The CPU in the PlayStation 2 is essentially a MIPS-IV missing a few instructions and with a few proprietary extensions which Sony put in, and it's got some thing which apparently helps to decode MPEG streams.

But one thing I could not find is an etymology! So why call it an EmotionEngine? Emotion is not really a prominent word in Sony branding as far as I can tell. So there must be some kind of history behind this term.

  • Something about realistic human faces, maybe?
    – wizzwizz4
    Sep 3, 2018 at 10:40
  • 5
    Marketing is not always logical - An emotion can also be fun, and the focus probably lies on motion. As of Emotion is not really a prominent word in Sony branding: Sony markets their professional line of cameras with "Emotion in every frame", their professional video broadcast equipment with "Reality, Emotion, Excitement" and holds patents for detecting player emotions (through facial expression and audio) in video games.
    – tofro
    Sep 3, 2018 at 10:54
  • 1
    That's like saying "Amiga is just a 68k CPU with a couple DAC's tacked on".
    – Brian H
    Sep 3, 2018 at 16:16

2 Answers 2


There's a pretty nifty article linked from the Wikipedia article on the Emotion Engine that discusses the details in the "Emotion Is the Difference" section on page 2:

But much of the EE’s compute power will go toward an even loftier goal: behavioral synthesis, or, as SCE calls it, emotion synthesis. This technology gives game programmers the ability to accurately model all manner of physical systems, allowing realistic behavior of characters and objects. For example, the system will enable lifelike facial expressions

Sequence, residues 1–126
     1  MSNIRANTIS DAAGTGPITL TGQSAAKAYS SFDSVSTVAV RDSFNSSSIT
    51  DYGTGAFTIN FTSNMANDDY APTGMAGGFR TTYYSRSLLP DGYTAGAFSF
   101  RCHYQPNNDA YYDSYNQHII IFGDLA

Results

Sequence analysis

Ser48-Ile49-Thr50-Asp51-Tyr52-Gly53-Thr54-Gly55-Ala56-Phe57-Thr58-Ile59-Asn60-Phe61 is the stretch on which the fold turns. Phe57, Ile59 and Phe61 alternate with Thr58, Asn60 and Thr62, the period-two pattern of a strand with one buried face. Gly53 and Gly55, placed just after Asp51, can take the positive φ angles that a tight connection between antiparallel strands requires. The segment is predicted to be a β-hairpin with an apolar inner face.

There's another description in this paper:

Emotion synthesis means the real-time synthesis of a computer graphics animation scene that projects a great deal of atmosphere. For example, when a female character walks into a video game scene, her motion must be determined by solving physical equations in response to interactive events instead of replaying prerecorded data. Moreover, differential equations with a large number of variables must be used to describe, for example, the waving motions of her hair in a breeze. For authenticity in emotion synthesis, the CPU must execute these calculations in real time.

As far as I know there is no actual behavioral synthesis or emotion synthesis technology used in any PS2 games. It's a generic way of saying "We have a lot of computing power so games will be more realistic". But for marketing purposes it makes a snazzy name that implies there's some special functionality to the EE that competitors don't have.


The CPU core is only one of eight parts of the chip. It has two vector units, an image processor, DMA controller and various other components. Together they form the Emotion Engine, which I recall at the time being marketed as bringing procedural generation technology to games to make them more realistic and varied.

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